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Date: Mon, 10 Feb 2014 18:03:33 -0500
From: Bill Cox <waywardgeek@...il.com>
To: discussions@...sword-hashing.net
Subject: Re: [PHC] multiply-hardening (Re: NoelKDF ready for submission)

On Sun, Feb 9, 2014 at 9:46 PM, Solar Designer <solar@...nwall.com> wrote:
> On Sun, Feb 09, 2014 at 08:01:43AM -0500, Bill Cox wrote:
>> Wouldn't we want PMULLW rather than PMULUDQ?  4 packed 32x32->32 lower
>> mimics the C 32-bit multiply, and gives the same result for both
>> signed and unsigned multiplication, which is nice for Java
>> compatibility.
>
> PMULLW is 8 packed 16x16->16.  I felt that if we go for 16x16, we
> probably want to take the upper 16 bits of result (so PMULHW or PMULHUW
> or PMULHRSW), not lower, although this does make the signedness matter.

My bad!  You are correct.  The Haswell 32x32 -> lower 32 packed 4 at a
time multiply (PMULLD) is 10 cycle latency.  That's just too long.

> Do we have any 32x32->64 in Java(Script) at all, whether signed or
> unsigned?  I'm not familiar with Java(Script).

Java has 64-bit integer multiply, but it's signed.  There are no
unsigned operations in Java, only signed.  It makes signal processing
a bit of a pain.  On the positive side, my single-thread Java
signal-processing tests have been only 5% slower than vanila
(non-SIMD, single-threaded) C versions.

JavaScript has only floating point, but the various JiT compilers all
seem to have ways to infer integer operations.  I think it depends on
the specific compiler, but my tests in Chrome's JavaScript without
compiler-specific hints were very slow for integer operations (10X
slower or more than C).  I have been told that with good hints, 2X is
achievable, but I assume this is versus single-thread non-SIMD.

> In C, I'd prefer unsigned, because this is expressed with trivial casts
> from uint32_t to uint64_t (usually not generating any instructions) and
> multiplication.  For signed, the corresponding casts would potentially
> generate sign extension instructions (the compiler would need to be
> somewhat smart to pick a signed 32x32->64 multiply instead, although I
> hope most modern optimizing compilers are smart enough).  Also, we have
> SIMD unsigned 32x32->64 starting with SSE2, but signed only starting
> with SSE4.1.
>
> Alexander

I agree unsigned is prefered.  Java can add a few instructions to
emulate unsigned if needed.

I spent some time today benchmarking slightly modified hash functions
using 32x32->32, 32x32->64, and 64x64->64.  There are interesting
trade-offs.  Here's three runs with the same number of multiplies in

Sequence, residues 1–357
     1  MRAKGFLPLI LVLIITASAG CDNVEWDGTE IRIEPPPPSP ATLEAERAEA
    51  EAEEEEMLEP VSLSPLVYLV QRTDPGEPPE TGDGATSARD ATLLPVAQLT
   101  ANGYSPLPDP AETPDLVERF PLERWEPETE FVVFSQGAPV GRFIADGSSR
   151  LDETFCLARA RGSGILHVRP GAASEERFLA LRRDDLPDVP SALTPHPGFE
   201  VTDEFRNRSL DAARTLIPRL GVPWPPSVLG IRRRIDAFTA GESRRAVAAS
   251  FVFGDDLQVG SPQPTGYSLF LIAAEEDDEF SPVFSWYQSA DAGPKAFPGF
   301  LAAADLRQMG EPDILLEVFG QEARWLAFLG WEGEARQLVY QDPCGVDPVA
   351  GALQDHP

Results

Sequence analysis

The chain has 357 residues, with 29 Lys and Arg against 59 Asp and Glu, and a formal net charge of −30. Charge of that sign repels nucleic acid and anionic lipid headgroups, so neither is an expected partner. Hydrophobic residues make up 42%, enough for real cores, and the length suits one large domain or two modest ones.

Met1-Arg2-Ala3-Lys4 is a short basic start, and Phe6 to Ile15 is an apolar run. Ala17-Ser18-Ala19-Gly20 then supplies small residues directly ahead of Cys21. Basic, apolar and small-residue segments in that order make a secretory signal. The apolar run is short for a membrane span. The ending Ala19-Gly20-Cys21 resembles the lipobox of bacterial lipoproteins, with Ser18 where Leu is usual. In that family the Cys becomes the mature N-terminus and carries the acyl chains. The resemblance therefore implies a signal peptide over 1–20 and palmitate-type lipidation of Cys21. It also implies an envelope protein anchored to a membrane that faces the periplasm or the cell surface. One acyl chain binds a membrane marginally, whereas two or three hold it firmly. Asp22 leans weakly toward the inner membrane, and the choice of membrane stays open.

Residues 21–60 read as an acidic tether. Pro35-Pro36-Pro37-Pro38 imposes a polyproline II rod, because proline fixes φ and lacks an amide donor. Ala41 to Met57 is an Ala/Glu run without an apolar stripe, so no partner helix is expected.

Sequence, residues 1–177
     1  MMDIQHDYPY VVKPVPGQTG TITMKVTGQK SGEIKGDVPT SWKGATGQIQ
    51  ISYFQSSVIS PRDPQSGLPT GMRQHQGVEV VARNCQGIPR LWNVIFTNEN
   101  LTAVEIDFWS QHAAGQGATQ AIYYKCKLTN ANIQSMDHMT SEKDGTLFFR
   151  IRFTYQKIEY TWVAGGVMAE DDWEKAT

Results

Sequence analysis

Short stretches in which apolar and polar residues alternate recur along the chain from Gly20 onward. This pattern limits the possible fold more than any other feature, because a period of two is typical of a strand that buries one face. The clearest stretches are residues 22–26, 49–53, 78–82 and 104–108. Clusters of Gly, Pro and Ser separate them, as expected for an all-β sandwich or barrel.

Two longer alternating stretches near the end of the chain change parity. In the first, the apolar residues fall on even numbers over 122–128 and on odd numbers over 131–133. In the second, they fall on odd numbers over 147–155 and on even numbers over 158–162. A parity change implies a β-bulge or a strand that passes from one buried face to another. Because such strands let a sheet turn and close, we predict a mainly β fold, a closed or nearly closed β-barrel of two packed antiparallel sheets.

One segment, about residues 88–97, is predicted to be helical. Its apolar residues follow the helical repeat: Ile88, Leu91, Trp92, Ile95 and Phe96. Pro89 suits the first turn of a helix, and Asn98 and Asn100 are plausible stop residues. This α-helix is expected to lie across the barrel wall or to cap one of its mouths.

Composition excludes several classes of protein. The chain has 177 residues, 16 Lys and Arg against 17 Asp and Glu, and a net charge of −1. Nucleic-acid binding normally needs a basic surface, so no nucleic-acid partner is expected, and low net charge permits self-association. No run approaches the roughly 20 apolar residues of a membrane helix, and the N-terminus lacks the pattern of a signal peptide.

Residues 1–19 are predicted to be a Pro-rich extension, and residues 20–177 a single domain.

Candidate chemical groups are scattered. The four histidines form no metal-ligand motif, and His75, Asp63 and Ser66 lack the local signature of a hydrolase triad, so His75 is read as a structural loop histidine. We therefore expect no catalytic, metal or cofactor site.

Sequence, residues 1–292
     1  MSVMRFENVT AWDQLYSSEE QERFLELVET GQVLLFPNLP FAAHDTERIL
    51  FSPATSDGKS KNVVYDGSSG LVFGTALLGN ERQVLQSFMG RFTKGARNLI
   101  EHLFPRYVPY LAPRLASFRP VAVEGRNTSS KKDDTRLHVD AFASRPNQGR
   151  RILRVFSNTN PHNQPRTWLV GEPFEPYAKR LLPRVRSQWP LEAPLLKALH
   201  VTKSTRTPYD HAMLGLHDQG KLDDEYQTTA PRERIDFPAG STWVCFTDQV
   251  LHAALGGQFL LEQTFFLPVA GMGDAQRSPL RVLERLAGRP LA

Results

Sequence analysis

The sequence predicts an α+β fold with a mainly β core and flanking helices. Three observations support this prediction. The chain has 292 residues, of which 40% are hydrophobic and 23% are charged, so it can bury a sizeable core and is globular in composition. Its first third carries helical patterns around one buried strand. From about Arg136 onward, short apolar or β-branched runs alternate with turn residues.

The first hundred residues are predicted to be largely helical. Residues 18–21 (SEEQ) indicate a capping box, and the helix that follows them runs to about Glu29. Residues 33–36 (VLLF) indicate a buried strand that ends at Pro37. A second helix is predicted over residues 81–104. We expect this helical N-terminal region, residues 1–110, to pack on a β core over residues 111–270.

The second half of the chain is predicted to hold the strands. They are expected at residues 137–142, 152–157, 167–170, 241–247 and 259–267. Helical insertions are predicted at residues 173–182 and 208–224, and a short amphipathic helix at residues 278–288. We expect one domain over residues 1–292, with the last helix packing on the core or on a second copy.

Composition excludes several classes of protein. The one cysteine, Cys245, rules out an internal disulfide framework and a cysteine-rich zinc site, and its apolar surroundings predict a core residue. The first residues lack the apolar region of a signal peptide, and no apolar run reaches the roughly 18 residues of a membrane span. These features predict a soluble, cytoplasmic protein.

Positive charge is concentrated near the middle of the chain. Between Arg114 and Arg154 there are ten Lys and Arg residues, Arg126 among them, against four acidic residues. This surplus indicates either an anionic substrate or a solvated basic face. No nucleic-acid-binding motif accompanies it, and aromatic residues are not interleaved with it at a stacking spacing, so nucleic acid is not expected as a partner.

each run.  This is all compiled with -m64:

This is the current version of NoelKDF run on my son's MineCraft server:

time ./noelkdf -m 1024
garlic:0 memorySize:1024 repetitions:1 numThreads:1 blockSize:4096
AA67864CFA33E5DEB02858F014415AAD0267C0B2C9EC686E057D67725A69AA2E

real    0m0.399s
user    0m0.330s
sys     0m0.060s

Here's NoelKDF modified to use 64-bit hashing, with memory read/writes
at 64-bits rather than 32:

noelkdf> time ./noelkdf -m 2048
garlic:0 memorySize:2048 repetitions:1 numThreads:1 blockSize:4096
9E590BA563F1DFC6464B460B204B2E638EF8777C5579A1D33F8A8EC7B701DAF3

real    0m0.476s
user    0m0.330s
sys     0m0.140s

Here's a version using 64-bit read/writes, and the 32x32->64 multiplication:

noelkdf> time ./noelkdf -m 2048
garlic:0 memorySize:2048 repetitions:1 numThreads:1 blockSize:4096
E667EE04AC437609CF8B2A7CB9A7FC3F4A7602A53C50D57D4EB2D7C0D5818BD5

real    0m0.547s
user    0m0.400s
sys     0m0.140s

Each of these runs does 2^18 serial multiplications, which take up
about 0.231 s.  The inner loops of the 32 and 64 bit when run with
high iterations (-r 100), take about 0.29s, or only 25% overhead,
which only 4 cock cycles, in a loop where the multiplication takes 3.

The hybrid that uses 64-bit memory read/write, but only a 32x32->64
multiplication had some extra overhead for converting from 64-bit to
32-bit.  Compiled in 32 bit mode, the 32-bit hash function performs
exactly as before.  The 64-bit version is quite a bit slower:

noelkdf> time ./noelkdf -m 2048
garlic:0 memorySize:2048 repetitions:1 numThreads:1 blockSize:4096
9E590BA563F1DFC6464B460B204B2E638EF8777C5579A1D33F8A8EC7B701DAF3

real    0m0.708s
user    0m0.610s
sys     0m0.090s

The hybrid 32x32->64 does better:

time ./noelkdf -m 2048
garlic:0 memorySize:2048 repetitions:1 numThreads:1 blockSize:4096
E667EE04AC437609CF8B2A7CB9A7FC3F4A7602A53C50D57D4EB2D7C0D5818BD5

real    0m0.578s
user    0m0.480s
sys     0m0.090s

I tried these benchmarks on Ivy Bridge, and AMD FX-8 (I think).  The
relative performance was similar.

One more interesting data point: the 32x32->32 runs 72% faster with
two threads, while the 64x64->64 runs only 45% faster.  I think it's
the memory bottleneck becoming an issue.

Here's the 32x32->32 with 2 threads:

noelkdf> time ./noelkdf -m 2048 -t 2
garlic:0 memorySize:2048 repetitions:1 numThreads:2 blockSize:4096
EFBA06246E06429740D6A1EAF149E7786BA9A13F06A5556180F90985D2730C81

real    0m0.433s
user    0m0.720s
sys     0m0.130s

This does the same number of multiplications as the single-threaded
64x64->64 benchmark, and hashes the same amount of memory, but it does
it slightly faster.  That's simply better, IMO, so the 32x32 hash
function wins by a bit in my tests.  Whew!  The hash function survives
yet another day...   :-)

SIMD remains an issue...

Bill

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